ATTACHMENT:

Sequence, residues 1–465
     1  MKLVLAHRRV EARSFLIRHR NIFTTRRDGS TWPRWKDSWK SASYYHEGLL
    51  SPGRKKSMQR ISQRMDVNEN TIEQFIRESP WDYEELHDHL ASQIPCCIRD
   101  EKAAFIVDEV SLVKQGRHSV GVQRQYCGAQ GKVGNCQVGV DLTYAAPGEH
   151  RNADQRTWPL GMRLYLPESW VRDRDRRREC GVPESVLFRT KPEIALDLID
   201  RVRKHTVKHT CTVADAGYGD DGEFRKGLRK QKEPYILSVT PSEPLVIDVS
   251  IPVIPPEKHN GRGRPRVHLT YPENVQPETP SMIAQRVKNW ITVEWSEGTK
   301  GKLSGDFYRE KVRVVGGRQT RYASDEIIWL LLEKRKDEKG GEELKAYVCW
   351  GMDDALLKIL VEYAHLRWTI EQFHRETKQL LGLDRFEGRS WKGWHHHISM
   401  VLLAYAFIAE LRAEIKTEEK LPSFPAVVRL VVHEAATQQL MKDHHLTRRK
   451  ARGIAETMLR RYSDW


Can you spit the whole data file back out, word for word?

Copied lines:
Sequence, residues 1–465
     1  MKLVLAHRRV EARSFLIRHR NIFTTRRDGS TWPRWKDSWK SASYYHEGLL
    51  SPGRKKSMQR ISQRMDVNEN TIEQFIRESP WDYEELHDHL ASQIPCCIRD
   101  EKAAFIVDEV SLVKQGRHSV GVQRQYCGAQ GKVGNCQVGV DLTYAAPGEH
   151  RNADQRTWPL GMRLYLPESW VRDRDRRREC GVPESVLFRT KPEIALDLID
   201  RVRKHTVKHT CTVADAGYGD DGEFRKGLRK QKEPYILSVT PSEPLVIDVS
   251  IPVIPPEKHN GRGRPRVHLT YPENVQPETP SMIAQRVKNW ITVEWSEGTK
   301  GKLSGDFYRE KVRVVGGRQT RYASDEIIWL LLEKRKDEKG GEELKAYVCW
   351  GMDDALLKIL VEYAHLRWTI EQFHRETKQL LGLDRFEGRS WKGWHHHISM
   401  VLLAYAFIAE LRAEIKTEEK LPSFPAVVRL VVHEAATQQL MKDHHLTRRK
   451  ARGIAETMLR RYSDW